On Feb. 13, downtown DeWitt will be home to a new craft coffee shop owned by 31-year-old Justin Hartig. “My goal is to kind of change the culture of coffee,” said Hartig, “to kind of put a little edge to the coffee shop scene.”

The Crafted Bean will have a modern atmosphere with a 50’s twist to it. Using vinyl records provided by East Lansing’s “The Record Lounge,” Hartig plans to cover the floor with them to add to the shop’s character. “I had notebooks full of different ideas,” said Hartig.

Wake Up Old Town brings businesses together in more ways than one

By Zachary Barnes
Old Town Lansing Times Staff Reporter

Networking and collaboration is vital to the growth of Old Town. To accomplish this, the Old Town Commercial Association has been putting on an event called Wake Up Old Town. “Wake Up Old Town first and foremost is a networking event for people to come together, both Old Town and people that can serve Old Town businesses,” said Old Town Commercial Association Executive Director, Austin Ashley. “It’s a great time for us to collaborate and come together as a community.” During the event that takes place the first Friday of every month, it looks like a family reunion.

In a downtown of mom-and-pops, Hungry Howie’s is a chain outlier in St. Johns

By Nathaniel Bott
Clinton County Chatter Staff Reporter

ST. JOHNS — Strolling down the quaint downtown of St. Johns, visitors will see an abundance of local-owned small businesses and restaurants. There may be a tattoo parlor, a few barber shops, and landmarks such as a courthouse and library, trademarks of a county seat town. The United States Census Bureau puts the population of St.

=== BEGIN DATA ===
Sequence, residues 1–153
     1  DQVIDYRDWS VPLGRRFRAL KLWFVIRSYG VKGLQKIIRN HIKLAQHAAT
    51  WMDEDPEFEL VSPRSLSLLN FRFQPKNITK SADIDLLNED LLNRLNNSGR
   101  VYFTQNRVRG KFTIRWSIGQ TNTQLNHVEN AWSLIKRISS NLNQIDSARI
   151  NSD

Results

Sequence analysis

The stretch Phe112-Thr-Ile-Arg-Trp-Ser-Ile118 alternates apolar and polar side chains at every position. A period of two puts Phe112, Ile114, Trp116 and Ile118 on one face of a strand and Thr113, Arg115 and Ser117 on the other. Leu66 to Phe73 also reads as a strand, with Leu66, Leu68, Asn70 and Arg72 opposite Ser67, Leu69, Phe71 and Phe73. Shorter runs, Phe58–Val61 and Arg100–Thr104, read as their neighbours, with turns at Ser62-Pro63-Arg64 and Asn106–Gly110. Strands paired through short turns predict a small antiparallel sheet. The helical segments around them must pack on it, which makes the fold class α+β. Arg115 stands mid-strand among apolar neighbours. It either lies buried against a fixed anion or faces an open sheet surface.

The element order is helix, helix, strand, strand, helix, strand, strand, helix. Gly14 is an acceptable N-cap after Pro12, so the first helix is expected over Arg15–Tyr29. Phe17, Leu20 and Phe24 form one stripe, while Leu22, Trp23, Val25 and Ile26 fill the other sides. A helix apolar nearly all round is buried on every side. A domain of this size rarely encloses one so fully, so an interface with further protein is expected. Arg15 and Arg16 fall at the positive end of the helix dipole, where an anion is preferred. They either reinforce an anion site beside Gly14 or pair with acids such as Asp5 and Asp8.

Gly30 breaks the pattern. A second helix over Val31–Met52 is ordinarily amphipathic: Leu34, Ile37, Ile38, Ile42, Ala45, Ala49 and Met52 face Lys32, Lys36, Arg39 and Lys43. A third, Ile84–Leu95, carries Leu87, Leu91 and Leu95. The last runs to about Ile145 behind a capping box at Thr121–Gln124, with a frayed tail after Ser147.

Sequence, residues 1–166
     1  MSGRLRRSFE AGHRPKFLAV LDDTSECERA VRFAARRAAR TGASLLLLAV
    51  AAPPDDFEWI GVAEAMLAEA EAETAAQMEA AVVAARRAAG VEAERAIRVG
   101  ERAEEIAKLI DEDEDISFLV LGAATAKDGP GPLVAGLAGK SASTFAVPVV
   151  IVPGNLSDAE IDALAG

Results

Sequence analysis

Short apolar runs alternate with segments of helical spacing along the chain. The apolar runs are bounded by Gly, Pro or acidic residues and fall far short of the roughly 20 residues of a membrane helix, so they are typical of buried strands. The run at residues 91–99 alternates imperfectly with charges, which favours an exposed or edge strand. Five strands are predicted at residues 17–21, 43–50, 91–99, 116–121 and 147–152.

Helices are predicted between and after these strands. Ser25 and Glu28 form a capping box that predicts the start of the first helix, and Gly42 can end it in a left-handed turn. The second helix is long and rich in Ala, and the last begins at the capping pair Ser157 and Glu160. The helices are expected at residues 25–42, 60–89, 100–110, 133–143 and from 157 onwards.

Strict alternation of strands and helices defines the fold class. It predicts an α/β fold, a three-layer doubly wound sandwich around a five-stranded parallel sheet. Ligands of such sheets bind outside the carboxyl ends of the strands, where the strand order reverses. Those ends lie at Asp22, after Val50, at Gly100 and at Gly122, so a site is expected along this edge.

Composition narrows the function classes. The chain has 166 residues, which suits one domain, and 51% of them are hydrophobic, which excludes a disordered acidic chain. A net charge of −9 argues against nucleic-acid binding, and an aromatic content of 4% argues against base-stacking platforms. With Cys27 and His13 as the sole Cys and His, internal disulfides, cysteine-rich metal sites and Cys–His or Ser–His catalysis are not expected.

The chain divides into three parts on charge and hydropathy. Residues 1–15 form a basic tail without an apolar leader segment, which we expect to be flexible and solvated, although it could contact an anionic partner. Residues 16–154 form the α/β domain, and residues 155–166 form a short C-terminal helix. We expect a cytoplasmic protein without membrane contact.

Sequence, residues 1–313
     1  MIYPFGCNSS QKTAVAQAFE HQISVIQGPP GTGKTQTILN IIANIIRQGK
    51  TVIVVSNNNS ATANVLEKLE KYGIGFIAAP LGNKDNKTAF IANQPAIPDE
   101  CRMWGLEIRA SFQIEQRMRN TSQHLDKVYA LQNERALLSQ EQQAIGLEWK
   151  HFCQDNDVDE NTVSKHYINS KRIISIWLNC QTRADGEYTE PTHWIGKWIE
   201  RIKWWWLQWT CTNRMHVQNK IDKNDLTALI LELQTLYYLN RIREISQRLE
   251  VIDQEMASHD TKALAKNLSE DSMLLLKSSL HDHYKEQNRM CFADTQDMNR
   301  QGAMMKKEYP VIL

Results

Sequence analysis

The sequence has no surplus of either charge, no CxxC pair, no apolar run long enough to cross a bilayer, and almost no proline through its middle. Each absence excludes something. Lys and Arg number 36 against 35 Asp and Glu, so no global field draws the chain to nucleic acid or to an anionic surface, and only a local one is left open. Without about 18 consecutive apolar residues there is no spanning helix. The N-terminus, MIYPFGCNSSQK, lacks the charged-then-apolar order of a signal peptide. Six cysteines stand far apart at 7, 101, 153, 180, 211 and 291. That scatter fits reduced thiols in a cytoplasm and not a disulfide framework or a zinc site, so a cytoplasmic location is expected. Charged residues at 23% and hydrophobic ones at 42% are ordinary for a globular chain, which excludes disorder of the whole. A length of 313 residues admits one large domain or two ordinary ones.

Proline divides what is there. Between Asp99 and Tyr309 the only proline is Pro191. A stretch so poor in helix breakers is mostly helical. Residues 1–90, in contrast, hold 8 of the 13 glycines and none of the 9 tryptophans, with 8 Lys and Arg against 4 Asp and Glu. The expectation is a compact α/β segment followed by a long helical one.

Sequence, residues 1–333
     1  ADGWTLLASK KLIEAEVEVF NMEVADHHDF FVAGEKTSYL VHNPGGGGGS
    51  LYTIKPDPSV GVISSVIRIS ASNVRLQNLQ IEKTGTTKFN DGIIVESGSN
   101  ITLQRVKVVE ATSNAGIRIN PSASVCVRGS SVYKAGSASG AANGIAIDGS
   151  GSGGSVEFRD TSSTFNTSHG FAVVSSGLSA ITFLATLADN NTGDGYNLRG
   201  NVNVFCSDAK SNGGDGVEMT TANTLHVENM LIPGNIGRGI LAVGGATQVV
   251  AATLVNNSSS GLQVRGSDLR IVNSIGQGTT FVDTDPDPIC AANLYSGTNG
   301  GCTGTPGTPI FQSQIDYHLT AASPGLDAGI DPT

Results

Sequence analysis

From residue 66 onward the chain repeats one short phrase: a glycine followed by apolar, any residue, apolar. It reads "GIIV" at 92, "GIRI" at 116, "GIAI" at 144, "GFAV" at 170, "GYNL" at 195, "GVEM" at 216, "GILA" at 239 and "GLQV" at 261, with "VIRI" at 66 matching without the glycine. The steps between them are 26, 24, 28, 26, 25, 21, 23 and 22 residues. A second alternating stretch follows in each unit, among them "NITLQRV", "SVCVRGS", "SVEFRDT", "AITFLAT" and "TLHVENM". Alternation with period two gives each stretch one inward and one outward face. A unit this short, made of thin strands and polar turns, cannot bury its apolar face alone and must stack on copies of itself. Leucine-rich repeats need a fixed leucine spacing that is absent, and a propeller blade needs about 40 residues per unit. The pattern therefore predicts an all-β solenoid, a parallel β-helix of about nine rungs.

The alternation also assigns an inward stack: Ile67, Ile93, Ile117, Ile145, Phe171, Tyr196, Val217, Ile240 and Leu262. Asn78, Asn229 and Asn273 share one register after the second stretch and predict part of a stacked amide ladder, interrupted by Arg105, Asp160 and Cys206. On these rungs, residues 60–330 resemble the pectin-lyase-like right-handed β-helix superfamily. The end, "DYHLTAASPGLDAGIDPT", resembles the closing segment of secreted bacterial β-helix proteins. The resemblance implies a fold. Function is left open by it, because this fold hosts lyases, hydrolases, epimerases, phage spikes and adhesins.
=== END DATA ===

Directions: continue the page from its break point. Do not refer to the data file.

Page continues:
Small businesses persevere to support downtown district

By Megan Cochrane
The Williamston Post

For decades, the birth and growth of small businesses has kept Williamston’s downtown alive, but they continue to encounter challenges. “I think Williamston now has more small businesses than they ever had,” said Barb Vandenberg, former chamber of commerce president and downtown development authority chair. There are more large chain businesses in town than in the past, but small businesses are a crucial element of Williamston’s economy. A business owner herself and 24-year resident of Williamston, Vandenberg has seen the town go through many changes. Along the rollercoaster track that is the small business sector, Williamston business owners continuously strive to bring the community together and add value to the unique town.

Old Town: Now a thriving community despite a rough past

By Sergio Martínez-Beltrán
Old Town Lansing Times reporter

When Aura Ozbourne decided she was going to open a shop in Old Town, she knew it was a risk. Everyone knew. “When I first opened up, (Old Town) was extremely dilapidated and unloved for the most part,” Ozburn said. “Many people were afraid of the neighborhood.”

When Ozbourne opened her store October Moon in 119 E Grand River Ave. 14 years ago, the situation was not the best one, however, it was not the worst.